The other day, I lumbered onto a crowded subway car. I was uncomfortable and I knew I looked it. The baby was moving in all kinds of strange ways — he’s blessedly head down for now, though mini flipped to breech position around week 34 or so, and I’m not holding my breath — and he has a habit of kicking me right in the ribs in his current placement. I was on my way to an ultrasound across town, on the Upper East Side. There’s no particularly easy way to get there from the Columbus Circle area — you either take a subway north and commit to a 15-minute walk through the Park, or you navigate multiple Subway transfers by first heading south, which always feels frustratingly counter-productive. I often take a cab but was determined, on that spring-like afternoon, to make my way via public transit and save the $20 on taxi fare. At any rate, I waddled onto the Subway car at the pace of a snail, scanning for a seat. There were probably twenty able-bodied men and fifteen teens sitting on the benches, and I waited for half a second for someone to gesture me into his seat. No offer materialized.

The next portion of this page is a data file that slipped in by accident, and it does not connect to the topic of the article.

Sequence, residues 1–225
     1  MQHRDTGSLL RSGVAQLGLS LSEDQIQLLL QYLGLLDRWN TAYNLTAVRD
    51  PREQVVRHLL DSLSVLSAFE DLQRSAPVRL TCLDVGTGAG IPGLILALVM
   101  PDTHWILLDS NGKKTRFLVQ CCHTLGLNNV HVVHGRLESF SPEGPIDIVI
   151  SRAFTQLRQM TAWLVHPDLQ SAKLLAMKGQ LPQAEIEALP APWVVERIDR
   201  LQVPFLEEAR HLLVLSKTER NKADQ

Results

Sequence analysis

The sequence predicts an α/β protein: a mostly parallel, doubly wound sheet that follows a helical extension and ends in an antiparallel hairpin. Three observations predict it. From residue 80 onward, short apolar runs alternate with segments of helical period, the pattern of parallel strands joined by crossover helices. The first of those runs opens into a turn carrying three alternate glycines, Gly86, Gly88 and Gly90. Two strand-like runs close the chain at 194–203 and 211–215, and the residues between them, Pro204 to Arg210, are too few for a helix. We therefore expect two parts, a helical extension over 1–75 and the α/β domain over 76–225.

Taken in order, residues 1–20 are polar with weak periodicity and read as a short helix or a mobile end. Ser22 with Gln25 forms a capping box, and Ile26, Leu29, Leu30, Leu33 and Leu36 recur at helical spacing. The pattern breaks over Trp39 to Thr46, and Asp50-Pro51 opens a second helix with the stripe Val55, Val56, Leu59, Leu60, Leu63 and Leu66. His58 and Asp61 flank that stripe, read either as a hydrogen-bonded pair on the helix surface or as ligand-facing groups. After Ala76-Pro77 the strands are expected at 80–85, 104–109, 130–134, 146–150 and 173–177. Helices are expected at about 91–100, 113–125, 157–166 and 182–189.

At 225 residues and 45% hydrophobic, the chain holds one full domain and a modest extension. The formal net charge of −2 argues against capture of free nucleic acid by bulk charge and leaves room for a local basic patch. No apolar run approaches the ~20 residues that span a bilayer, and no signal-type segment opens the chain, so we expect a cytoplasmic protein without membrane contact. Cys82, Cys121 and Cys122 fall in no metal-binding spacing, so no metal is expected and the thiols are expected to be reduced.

I was put off by this. I realize it’s a potentially controversial opinion to have, but if I see a pregnant woman, or a mother with small children, or an elderly individual, or someone with a clear handicap or injury, I will always cede my seat — even in my nearly-eight-month-pregnant state. It occurred to me, though, that perhaps these gentlemen had been chastened by other experiences and interactions. Not too long ago, I was out on my own without mini (and not visibly pregnant), and I stopped to help a mother working hard to prop a door open in order to wheel her stroller out.

“Here, I got you!” I offered, running to hold the door for her. She looked at me in exasperation.

“I’m used to handling it on my own.”

Oh.

I don’t know whether she meant it as a joke (but she somehow forgot to add the comedic wink-wink-nudge-nudge), or if she was having a bad day and needed to snap at somebody, or was offended by my gesture. Maybe she saw me as a childless 30-something woman and was annoyed by the implication that I would feel she needed my help? Maybe she found it patronizing? Maybe she was determined to prove to herself, that day, that she could do it all on her own? Maybe she was just plain rude?